Wednesday, July 20, 2005
The Taser: A shocking toy for the police
Now a class-action suit has been filed against the manufacturer Taser International of Scottsdale, Arizona, on behalf of police departments. According to Dan Lynch of Daily Business Review,
The suit alleges breach of contract, breach of warranty and unjust enrichment by the defendant based on bogus safety claims and false and deceptive representation of material facts concerning the product's safety.
The complaint says that "the true extent of the harmful effects of Tasers are unknown, in direct contrast to the company's marketing. Thus, despite touting its potentially deadly product as harmless, Taser International has no idea of how Tasers impact, among others, pregnant women, the elderly, young adults and children, individuals with heart conditions and individuals with implantable cardiac devices."
Other suits filed against Taser International have been filed by the next of kin of people who died after being shot by Tasers. This is the first known class action and the first known suit by a police department alleging that the company damaged the department by misleading it concerning the safety of the product, Geller said.
Suits against the police will eventually force them to look for cover—
Earl Johnson Jr., a Jacksonville plaintiff lawyer ... said Geller's suit is the first such action he's heard of filed by law enforcement agencies. But he expects many more because, in his view, because the company has "fundamentally misrepresented" its product to police agencies.
"After these agencies find themselves defendants in these wrongful death and unreasonable force claims, they'll turn their attention to Taser, which coaxed them into believing that regardless of how the product was used, it was nonlethal," said Johnson, who has asked a federal judge to enjoin Taser International from selling its products in Florida. Taser "hung law enforcement out to dry."
Wherever Tasers are used, they kill. Statistics are at least a year behind. But Florida police are bumping people off like flies in an electric bug trap—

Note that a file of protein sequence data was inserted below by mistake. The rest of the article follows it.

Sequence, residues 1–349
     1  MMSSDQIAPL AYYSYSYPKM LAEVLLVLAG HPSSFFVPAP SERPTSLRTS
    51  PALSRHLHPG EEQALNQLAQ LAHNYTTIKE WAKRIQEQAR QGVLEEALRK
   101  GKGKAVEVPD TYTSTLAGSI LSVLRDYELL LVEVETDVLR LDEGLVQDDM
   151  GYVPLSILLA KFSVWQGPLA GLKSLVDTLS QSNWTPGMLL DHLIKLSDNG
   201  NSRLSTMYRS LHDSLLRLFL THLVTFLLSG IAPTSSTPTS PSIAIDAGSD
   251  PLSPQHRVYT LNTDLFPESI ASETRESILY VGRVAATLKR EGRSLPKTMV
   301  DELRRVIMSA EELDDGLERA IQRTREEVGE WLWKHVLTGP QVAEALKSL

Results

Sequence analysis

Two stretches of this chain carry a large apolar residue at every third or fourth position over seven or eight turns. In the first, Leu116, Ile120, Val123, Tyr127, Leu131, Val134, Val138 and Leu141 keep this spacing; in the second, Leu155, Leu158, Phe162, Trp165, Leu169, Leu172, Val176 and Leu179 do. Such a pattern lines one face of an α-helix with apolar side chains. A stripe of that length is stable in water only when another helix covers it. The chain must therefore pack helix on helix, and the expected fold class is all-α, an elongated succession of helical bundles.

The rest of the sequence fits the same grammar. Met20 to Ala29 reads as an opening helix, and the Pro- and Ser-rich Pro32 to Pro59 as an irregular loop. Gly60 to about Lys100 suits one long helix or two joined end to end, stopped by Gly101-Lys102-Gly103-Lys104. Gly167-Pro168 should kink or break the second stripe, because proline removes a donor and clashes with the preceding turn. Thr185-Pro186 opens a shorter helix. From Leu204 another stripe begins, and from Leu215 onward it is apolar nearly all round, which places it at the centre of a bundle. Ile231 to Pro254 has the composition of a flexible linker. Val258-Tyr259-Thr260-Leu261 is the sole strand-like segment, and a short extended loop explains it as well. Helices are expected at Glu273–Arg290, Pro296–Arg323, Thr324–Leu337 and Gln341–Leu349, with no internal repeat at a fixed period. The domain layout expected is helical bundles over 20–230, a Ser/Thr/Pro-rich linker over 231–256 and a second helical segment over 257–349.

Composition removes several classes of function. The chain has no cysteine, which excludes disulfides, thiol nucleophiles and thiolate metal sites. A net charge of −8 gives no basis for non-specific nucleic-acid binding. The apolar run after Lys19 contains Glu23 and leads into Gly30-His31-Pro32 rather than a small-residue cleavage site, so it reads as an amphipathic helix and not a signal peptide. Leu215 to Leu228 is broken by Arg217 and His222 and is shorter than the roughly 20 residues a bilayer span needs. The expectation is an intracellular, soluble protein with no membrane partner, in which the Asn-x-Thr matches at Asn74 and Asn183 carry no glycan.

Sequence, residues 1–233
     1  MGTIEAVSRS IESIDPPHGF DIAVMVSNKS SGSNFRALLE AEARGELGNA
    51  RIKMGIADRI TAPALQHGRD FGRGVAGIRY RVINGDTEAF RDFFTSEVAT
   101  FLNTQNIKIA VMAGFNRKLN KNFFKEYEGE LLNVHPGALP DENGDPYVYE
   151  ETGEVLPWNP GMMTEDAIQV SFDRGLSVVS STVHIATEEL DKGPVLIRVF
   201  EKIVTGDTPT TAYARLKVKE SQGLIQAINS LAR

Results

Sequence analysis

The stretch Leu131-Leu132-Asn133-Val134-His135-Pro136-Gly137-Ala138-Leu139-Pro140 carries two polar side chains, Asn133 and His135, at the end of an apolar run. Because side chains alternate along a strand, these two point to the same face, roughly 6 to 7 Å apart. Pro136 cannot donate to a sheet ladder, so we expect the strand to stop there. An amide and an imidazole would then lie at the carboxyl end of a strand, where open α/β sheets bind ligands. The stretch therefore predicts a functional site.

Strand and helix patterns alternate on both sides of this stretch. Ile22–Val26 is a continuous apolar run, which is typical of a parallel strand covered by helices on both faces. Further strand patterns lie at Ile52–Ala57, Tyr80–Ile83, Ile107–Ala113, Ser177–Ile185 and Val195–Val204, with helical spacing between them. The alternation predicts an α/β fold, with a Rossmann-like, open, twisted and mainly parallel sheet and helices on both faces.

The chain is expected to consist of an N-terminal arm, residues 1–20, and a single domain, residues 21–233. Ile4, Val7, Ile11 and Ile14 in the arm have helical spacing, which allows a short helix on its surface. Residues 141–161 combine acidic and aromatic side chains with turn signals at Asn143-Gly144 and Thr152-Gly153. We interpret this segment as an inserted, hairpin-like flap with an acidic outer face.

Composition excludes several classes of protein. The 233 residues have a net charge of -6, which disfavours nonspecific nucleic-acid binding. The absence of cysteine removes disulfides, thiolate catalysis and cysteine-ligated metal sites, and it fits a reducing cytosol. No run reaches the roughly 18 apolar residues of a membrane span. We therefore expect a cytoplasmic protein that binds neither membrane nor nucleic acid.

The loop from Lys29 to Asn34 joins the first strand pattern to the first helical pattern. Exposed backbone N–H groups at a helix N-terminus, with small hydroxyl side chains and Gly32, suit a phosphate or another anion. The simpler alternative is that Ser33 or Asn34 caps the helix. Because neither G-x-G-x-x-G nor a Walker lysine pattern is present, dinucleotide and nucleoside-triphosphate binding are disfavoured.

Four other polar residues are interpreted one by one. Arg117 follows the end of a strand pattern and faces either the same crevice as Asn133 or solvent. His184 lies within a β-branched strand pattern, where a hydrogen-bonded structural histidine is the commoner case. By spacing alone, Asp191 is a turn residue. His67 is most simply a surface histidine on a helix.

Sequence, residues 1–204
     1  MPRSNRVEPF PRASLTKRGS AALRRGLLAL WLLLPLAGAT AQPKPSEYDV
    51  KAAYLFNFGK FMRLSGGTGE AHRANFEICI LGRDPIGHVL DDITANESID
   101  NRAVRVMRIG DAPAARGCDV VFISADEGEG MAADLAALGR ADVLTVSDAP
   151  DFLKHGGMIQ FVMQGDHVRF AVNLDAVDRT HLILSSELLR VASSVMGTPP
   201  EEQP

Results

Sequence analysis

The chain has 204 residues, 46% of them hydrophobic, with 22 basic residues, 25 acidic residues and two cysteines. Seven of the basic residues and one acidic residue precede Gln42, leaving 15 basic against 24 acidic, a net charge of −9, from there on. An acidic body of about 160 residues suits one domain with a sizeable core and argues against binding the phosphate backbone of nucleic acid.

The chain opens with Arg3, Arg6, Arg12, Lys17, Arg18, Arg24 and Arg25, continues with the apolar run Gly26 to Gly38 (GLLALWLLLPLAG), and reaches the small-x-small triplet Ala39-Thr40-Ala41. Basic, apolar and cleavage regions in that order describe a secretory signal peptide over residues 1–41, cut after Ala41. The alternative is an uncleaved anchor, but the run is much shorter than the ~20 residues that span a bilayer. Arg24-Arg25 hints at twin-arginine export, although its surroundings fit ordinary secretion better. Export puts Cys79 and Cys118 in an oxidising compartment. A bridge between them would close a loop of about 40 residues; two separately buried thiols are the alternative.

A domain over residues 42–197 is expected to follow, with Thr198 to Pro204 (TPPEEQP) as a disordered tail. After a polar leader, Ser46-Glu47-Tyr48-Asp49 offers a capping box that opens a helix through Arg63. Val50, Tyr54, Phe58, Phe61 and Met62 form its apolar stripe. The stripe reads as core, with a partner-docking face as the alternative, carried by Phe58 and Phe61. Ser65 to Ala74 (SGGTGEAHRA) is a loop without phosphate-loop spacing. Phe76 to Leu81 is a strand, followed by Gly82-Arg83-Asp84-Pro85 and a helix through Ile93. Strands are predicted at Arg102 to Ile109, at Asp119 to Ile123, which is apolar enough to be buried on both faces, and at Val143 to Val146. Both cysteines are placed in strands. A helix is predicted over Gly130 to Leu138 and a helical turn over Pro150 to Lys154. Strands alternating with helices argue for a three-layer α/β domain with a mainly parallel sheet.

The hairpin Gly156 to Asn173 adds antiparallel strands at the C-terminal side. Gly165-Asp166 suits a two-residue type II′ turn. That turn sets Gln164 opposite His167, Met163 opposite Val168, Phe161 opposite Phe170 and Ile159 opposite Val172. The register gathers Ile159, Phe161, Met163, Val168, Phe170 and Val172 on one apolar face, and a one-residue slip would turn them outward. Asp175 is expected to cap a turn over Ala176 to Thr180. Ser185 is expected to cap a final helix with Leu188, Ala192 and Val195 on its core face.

Since Tasers were developed in 1999, there have been about 105 reported deaths of suspects in confrontations with law enforcement officers using Tasers, according to a 2004 study by the Minneapolis Star Tribune. Amnesty International cites 74 such deaths.
Florida leads the nation in Taser-related deaths with more than 30. The Palm Beach Post reported 29 in May, and there have been several deaths since then.
Why talk when you can tase? Besides, it's only a toy, right?
The lawsuit also raises the issue of police using Tasers in situations where they otherwise would not use deadly force. It cited a Denver Post study that reported that 90 percent of persons shot with Tasers by the Denver Police Department were unarmed and two-thirds faced only a misdemeanor charge of citation.
The suit also cited a Palm Beach Post study of Taser use in Palm Beach County that showed that police had used the devices on three pregnant women, an 86-year-old man, children as young as 13 and in at least 237 incidents to get compliance from "passively resisting or fleeing suspects."
In an interview, Fort Lauderdale lawyer Bruce Rogow, who's not involved in the new class action suit, said that with Tasers, "what you see is that police are less restrained because they feel they're not using deadly force when they might have been more restrained about using a gun or club. There's kind of an emotional disconnect that leads to more use than might be appropriate."
The preliminary safety study
When you've got a product to get to market, every businessman understands that sometimes you have to take shortcuts—
The New York Times reported last year that Taser International's research on the gun's safety is "spotty and inconclusive. The company's primary safety studies on its most powerful weapon consist of shocks administered to one pig and five dogs." The suit described these and other Taser safety studies as "severely inadequate."
The article fails to report whether the animals lived.